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The Herring Murder Mystery (1944)

A man working in a fish cannery has a guilty conscience and begins to imagine he is a murderer. In his delirium/dream the fish try him for murder in a crazy court-room scene at the bottom ... See full summary »

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A man working in a fish cannery has a guilty conscience and begins to imagine he is a murderer. In his delirium/dream the fish try him for murder in a crazy court-room scene at the bottom of the ocean, which incorporates the 'Information, Please" radio routine, and also has a fish-jury who sing a little ditty called "There's Nothing On the End of the Hook." Re-released to theaters again in 1954, before Columbia sold it to television stations. Written by Les Adams <longhorn1939@suddenlink.net>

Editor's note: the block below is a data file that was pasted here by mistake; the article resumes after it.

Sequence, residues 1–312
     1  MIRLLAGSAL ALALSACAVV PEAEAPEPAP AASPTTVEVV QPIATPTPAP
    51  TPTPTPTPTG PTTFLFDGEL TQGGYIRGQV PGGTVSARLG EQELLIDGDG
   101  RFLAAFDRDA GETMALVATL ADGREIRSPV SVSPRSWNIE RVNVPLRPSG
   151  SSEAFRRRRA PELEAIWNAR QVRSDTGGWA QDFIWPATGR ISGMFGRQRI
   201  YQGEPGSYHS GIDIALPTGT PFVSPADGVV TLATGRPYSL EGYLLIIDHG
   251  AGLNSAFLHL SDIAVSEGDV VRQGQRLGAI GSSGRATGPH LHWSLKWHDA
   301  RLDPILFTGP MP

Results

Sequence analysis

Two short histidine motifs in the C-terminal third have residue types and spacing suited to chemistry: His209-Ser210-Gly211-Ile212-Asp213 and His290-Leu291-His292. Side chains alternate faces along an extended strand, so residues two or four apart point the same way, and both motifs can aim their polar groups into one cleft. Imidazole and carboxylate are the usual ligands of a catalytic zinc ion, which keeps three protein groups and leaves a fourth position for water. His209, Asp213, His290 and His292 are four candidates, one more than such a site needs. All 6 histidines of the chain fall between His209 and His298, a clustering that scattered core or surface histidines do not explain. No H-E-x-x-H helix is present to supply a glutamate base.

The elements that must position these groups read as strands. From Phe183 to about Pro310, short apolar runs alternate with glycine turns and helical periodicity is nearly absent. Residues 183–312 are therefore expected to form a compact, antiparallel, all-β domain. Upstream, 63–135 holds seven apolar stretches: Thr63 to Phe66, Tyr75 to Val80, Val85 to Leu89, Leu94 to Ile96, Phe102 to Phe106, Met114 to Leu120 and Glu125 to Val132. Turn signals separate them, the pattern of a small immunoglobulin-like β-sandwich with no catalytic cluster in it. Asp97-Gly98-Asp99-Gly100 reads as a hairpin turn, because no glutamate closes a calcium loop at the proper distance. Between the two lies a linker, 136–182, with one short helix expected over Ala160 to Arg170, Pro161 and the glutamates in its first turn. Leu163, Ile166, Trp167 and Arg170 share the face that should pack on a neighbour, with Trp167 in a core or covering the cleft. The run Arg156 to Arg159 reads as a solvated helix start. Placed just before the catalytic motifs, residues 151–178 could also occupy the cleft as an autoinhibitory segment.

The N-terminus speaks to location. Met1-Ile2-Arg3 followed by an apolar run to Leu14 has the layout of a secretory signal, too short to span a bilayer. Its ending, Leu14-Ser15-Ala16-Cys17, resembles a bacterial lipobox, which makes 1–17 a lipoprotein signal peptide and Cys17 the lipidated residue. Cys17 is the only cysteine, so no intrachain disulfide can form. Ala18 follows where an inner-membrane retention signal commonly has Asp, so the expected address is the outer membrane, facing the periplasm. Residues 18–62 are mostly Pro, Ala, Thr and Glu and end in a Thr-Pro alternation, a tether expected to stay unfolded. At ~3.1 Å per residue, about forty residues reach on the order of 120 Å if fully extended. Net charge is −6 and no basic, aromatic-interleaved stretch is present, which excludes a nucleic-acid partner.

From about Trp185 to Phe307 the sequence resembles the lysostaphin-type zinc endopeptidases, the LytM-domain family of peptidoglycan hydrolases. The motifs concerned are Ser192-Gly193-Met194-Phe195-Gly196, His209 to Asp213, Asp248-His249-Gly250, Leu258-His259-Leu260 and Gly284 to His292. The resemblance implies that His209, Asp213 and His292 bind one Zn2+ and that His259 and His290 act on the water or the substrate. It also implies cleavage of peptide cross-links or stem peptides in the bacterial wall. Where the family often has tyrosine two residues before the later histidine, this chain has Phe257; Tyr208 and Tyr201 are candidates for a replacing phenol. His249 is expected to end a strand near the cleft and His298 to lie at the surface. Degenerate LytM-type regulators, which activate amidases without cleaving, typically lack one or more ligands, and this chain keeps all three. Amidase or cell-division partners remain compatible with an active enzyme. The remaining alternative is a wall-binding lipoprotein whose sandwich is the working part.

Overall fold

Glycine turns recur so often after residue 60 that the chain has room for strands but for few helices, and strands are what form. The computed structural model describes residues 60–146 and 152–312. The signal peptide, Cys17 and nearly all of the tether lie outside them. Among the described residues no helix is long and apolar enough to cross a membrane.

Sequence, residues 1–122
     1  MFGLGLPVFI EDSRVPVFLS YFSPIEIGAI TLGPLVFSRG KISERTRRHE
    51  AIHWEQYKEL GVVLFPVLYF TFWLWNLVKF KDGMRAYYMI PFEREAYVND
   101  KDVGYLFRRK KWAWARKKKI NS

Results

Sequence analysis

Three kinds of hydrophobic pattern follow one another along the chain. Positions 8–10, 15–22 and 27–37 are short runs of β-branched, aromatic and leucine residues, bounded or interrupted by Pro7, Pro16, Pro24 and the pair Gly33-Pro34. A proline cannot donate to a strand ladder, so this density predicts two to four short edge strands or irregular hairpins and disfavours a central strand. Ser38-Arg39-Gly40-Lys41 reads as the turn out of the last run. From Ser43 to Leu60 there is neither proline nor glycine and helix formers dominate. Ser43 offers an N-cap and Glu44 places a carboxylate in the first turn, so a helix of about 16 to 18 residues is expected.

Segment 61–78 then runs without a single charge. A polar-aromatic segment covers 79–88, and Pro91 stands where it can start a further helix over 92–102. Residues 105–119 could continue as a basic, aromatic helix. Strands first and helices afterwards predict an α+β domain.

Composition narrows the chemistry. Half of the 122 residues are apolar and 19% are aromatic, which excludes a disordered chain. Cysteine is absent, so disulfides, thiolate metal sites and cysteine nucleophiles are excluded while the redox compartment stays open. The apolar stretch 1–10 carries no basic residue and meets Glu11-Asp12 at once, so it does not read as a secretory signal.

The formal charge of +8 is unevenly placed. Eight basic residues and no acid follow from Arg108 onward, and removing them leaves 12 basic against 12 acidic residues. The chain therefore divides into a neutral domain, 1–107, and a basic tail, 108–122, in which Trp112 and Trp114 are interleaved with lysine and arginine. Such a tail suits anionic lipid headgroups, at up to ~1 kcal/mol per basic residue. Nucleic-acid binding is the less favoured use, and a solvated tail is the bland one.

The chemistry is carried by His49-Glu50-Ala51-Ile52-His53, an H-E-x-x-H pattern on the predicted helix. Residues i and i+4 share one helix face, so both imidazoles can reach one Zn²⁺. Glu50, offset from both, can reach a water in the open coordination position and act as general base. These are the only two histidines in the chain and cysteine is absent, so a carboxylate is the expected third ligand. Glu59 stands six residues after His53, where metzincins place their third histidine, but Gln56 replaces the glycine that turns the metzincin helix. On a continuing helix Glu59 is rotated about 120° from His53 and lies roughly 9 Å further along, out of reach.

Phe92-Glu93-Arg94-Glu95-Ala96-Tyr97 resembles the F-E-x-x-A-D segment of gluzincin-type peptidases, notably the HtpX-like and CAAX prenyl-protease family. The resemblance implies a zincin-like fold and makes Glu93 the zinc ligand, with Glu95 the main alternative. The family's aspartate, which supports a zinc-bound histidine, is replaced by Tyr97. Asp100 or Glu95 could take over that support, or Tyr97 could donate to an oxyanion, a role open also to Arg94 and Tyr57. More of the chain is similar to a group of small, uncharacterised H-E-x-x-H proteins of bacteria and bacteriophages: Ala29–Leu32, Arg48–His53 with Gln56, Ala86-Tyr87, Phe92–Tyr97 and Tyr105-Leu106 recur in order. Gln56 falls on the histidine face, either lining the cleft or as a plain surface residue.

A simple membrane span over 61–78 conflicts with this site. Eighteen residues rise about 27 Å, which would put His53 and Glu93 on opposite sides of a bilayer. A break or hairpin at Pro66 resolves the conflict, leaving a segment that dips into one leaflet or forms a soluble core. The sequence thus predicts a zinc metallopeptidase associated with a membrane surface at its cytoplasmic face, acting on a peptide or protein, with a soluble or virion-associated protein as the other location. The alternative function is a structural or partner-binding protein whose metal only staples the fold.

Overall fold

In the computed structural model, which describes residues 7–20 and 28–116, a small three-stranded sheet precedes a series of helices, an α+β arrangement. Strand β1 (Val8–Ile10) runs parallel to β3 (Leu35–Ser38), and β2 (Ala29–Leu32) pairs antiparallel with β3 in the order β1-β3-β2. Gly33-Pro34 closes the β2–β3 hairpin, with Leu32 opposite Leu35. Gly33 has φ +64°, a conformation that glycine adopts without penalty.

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20 January 1944 (USA)  »

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There's Nothing On the End of the Hook
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The End of the Hook
23 April 2017 | by (New York City) – See all my reviews

A man who marinates and cans herrings for a living dreams he is on trial for his crime in this amusing Columbia cartoon.

The modern viewer may have some problems with many of the gags offered, as well as the voice choices; that is because the trial sequence takes place in a fishy version of the popular radio quiz show, INFORMATION PLEASE: it would send cash and encyclopedias to people who sent in questions that its panel of experts could not answer; and columnist F.P. Adams was fond of dragging in baseball trivia at any excuse or none. Both bits are referenced.

The is the sole theatrical director credit for Dun Roman. He was mostly a writer and would work on Jay Ward's Rocky & Bullwinkle cartoons.


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